The secret to a happy life is not so secret

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“What if we could study people from the time that they were teenagers all the way into old age, to see what really keeps people happy and healthy? We did that.”  

Dr. Robert Waldinger, Clinical Psychology Professor at Harvard University, made this incredible announcement at a TEDxBeaconStreet talk in November 2015. How does he claim to know what keeps people happy and healthy? Waldinger is the Director of the Harvard Study of Adult Development – maybe the longest study of adult life that’s ever been undertaken. Beginning in 1938, the study has continuously tracked the emotional and physical growth of 724 men and the results have revealed a common thread weaving throughout the lives of the participants.  

For 75 years, Harvard has focused the scope of its research for the study on individuals selected from two different groups back in the 1930s. The first group of participants began the study as Harvard University sophomores, and then served in WWII after graduating. The second group was a made up of young boys from a poor, socio-economically unstable neighbourhood in Boston. All individuals from both groups set out on different life paths, with varying careers and dispositions. One even became President of the United States.

The study is incredibly comprehensive. Not only do they check up on their participants each year and ask in-depth questions, but Waldinger details the intensive process for the researchers, explaining, “we interview them in their living rooms, we get their medical records from their doctors, we draw their blood, we scan their brains, we talk to their children, we videotape them talking to their wives about their deepest concerns.”

After 75 years of collecting data, what has the study concluded about the lives of these individuals and the human race, in general? “Good relationships keep us happier and healthier, period.”

The mission of SocialConntectedness.org is to disseminate news and information about the importance of relationship building and human connection — and the consequences associated with social isolation. Waldinger explains that through this long-term study, they have learned three important lessons. “The first is that social connections are really good for us, and that loneliness kills.” Waldinger’s team found that people who are more socially connected are happier and physically healthier, and people who are more isolated live shorter lives overall.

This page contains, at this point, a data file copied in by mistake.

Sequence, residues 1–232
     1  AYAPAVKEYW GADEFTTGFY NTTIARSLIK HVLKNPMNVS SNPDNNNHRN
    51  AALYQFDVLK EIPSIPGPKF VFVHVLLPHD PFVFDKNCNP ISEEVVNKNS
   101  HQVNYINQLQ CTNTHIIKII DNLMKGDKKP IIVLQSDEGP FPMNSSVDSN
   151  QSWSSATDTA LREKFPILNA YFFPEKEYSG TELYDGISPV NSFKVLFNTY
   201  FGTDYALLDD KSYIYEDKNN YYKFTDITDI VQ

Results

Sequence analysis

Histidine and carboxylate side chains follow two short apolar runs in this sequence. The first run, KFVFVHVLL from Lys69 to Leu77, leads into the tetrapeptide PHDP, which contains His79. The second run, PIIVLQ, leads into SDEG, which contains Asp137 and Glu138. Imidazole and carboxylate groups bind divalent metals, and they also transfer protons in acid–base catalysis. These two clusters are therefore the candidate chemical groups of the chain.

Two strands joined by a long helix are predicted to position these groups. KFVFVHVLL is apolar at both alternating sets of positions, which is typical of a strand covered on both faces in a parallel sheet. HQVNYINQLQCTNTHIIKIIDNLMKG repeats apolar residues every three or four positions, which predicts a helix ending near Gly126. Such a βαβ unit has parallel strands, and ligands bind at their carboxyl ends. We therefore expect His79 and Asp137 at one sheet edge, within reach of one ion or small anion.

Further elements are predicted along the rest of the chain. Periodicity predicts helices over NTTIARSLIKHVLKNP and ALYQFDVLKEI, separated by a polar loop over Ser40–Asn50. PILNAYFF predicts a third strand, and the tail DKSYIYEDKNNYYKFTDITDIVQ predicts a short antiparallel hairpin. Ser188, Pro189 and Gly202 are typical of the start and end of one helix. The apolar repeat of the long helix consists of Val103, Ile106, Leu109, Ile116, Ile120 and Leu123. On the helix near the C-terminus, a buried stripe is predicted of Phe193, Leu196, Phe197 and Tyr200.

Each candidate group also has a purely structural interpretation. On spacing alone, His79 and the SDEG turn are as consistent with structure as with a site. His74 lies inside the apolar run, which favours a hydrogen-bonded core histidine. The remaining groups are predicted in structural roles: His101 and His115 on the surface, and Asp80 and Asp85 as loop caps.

It’s also not about the number of relationships, but rather the quality of them that contributes to a person’s happiness, which is the second lesson learned in the study. Living a happy, healthy life is a result of surrounding yourself with positive connections and minimal conflict. Waldinger reveals that, “high conflict marriages, for example, without much affection turn out to be very bad for our health, perhaps worse than getting a divorce.” After delving into the lives of 724 men, his team recognized that the individuals who were most content in their relationships at age 50 were, perhaps unsurprisingly, the healthiest at the age of 80.

The third big conclusion that was reached regarding social connection and health was that good, close relationships protect our brains. Waldinger explains, “It turns out that being in a securely attached relationship in our 80s is protective… those people’s memories stay sharper longer. And the people in relationships where they feel they really can’t count on the other one, those are the people who experience earlier memory decline.” Our brains are programmed for human connection and positive social interactions – without it, our minds cannot grow or maintain themselves.

This very study solidifies the message that SocialConnectedness.org aims to circulate every day: health and happiness are inextricably linked with human connection, social inclusion and repicrocity. The impressive long-term undertaking by Harvard University demonstrates the undeniable advantages of living a connected life.

Watch Dr. Waldinger’s full TEDx Talk, What makes a good life? Lessons from the longest study on happiness.